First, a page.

Janse, A.J.T. (1941) Contribution to the study of the Phycitinae (Pyralidae: Lepidoptera) part 1. Journal of the Entomological Society of South Afric 4, 134166.Google Scholar
Janz, N. & Nylin, S. (1997) The role of female search behaviour in determining host plant range in plant feeding insects: a test of the information processing hypothesis. Proceedings of the Royal Society of London 264, 701707.CrossRefGoogle Scholar
Karowe, D.N. & Schoonhoven, L.M. (1992) Interactions between three trophic levels: the influence of host plant on performance of Pieris brassicae and its parasitoid, Cotesia glomerata. Entomologia Experimentalis et Applicata 62, 241251.CrossRefGoogle Scholar
LePelley, R.H. (1959) In Agricultural insects of East Africa. 307 pp. East Africa High Commission, Nairobi: Kenya.Google Scholar
Mohyuddin, A.I. & Greathead, D.J. (1970) An annotated list of the parasites of graminaceous stemborers in east Africa, with a discussion of their potential in biological control. Entomophaga 15, 241274.CrossRefGoogle Scholar
Moyal, P. (1988) In Les foreurs du maqs en zone des savanes en Côte d'Ivoire. 367 pp. Collection Etudes et Thèses, Editions de l'ORSTOM: Paris.Google Scholar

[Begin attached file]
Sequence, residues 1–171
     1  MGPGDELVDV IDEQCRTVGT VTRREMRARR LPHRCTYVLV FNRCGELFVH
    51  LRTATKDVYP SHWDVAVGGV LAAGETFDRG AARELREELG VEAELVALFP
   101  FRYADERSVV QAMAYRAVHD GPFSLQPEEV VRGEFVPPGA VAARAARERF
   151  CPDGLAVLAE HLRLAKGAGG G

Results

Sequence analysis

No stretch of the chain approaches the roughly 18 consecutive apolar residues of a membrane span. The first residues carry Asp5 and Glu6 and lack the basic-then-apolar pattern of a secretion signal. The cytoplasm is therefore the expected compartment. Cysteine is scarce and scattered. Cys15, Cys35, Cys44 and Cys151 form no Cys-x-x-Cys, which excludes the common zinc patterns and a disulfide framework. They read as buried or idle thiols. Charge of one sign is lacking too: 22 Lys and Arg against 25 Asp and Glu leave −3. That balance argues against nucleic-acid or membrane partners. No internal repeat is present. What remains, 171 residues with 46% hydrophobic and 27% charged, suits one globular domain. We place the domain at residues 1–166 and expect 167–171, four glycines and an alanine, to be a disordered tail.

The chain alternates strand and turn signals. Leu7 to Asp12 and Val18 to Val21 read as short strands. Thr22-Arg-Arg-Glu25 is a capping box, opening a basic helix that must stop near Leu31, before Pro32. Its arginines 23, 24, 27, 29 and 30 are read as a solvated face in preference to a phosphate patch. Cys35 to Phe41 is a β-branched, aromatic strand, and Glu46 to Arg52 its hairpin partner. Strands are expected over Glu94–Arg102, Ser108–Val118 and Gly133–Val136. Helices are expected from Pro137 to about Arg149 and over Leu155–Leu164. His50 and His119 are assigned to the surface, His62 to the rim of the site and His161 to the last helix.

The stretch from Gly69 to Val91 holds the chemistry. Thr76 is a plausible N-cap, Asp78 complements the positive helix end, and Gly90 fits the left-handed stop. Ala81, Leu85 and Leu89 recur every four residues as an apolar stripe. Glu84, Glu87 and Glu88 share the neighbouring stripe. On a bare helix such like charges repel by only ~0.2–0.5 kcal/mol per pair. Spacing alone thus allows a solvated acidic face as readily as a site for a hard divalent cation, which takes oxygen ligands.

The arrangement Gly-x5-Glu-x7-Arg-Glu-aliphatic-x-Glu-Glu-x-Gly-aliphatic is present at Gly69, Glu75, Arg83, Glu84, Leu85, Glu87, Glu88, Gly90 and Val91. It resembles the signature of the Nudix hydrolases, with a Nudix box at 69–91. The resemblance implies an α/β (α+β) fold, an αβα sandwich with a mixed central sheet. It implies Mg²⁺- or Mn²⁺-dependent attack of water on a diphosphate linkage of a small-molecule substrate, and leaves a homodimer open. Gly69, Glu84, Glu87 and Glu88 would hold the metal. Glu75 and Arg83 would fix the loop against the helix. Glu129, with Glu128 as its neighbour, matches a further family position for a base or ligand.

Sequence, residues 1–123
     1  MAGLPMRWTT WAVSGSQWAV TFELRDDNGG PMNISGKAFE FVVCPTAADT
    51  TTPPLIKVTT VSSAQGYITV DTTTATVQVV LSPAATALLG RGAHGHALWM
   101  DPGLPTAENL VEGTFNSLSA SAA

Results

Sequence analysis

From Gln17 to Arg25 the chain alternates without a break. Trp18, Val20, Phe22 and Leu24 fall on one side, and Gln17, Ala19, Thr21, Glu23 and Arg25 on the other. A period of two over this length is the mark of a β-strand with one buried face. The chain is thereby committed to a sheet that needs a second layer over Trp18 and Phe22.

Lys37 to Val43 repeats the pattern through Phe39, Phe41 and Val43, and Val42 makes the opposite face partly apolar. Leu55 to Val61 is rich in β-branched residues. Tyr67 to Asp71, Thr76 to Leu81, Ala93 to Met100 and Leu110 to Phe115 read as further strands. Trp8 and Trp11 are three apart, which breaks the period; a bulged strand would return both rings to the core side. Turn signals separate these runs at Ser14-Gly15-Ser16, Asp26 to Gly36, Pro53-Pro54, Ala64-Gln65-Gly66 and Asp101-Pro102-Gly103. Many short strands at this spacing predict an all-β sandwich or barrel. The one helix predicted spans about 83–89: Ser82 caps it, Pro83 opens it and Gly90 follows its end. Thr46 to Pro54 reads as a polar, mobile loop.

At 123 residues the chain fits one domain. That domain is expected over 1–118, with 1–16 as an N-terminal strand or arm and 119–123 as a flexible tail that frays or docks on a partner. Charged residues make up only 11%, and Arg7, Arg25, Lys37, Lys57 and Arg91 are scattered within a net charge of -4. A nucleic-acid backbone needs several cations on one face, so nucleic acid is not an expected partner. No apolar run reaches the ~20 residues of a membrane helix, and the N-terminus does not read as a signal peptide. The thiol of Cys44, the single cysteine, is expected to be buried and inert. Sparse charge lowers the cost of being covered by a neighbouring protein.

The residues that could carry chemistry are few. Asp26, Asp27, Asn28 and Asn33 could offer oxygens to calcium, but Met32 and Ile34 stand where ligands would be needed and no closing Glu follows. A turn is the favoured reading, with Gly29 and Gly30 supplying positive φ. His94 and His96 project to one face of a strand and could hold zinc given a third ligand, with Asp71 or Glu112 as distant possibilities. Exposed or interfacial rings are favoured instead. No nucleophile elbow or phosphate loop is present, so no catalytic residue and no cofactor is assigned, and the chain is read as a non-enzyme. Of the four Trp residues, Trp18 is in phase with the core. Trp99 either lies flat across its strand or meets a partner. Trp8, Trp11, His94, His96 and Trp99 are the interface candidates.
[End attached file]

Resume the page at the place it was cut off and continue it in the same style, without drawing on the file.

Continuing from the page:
Moyal, P. & Tran, M. (1991) Cob borer Mussidia nigrivenella (Lepidoptera; Pyralidae) of maize in Ivory Coast. II – Ecological data. Insect Science and its Application 12, 215223.Google Scholar
Ndemah, R., Schulthess, F., Poehling, H.-M. & Borgemeister, C. (2001) Natural enemies of lepidopterous borers on maize and elephant grass in the forest zone of Cameroon with special reference to Busseola fusca (Fuller) (Lepidoptera: Noctuidae). Bulletin of Entomological Research 91, 205212.Google Scholar
Nonveiller, G. (1984) In Catalogue des insectes au Cameroun d'intérêt agricole. 210 pp. Institut pour la Protection des Plantes, Mémoires XV: Beograd.Google Scholar
Polaszek, A. (1998) In African cereal stemborers; economic importance, taxonomy, natural enemies and control. 530 pp. CAB International in association with the ACP-EU Technical Centre for Agricultural and Rural Co-operation, CTA, Ede: The Netherlands.Google Scholar
Rao, V.P. (1965) Natural enemies of rice stem-borers and allied species in various parts of the world and possibilities of their use in biological control of rice stem-borers in Asia. Commonwealth Institute of Biological Control Technical Bulletin 6, 168.Google Scholar
SAS, Institute. (1996) In SAS user's guide, statistics. SAS Institute, Cary: North Carolina.Google Scholar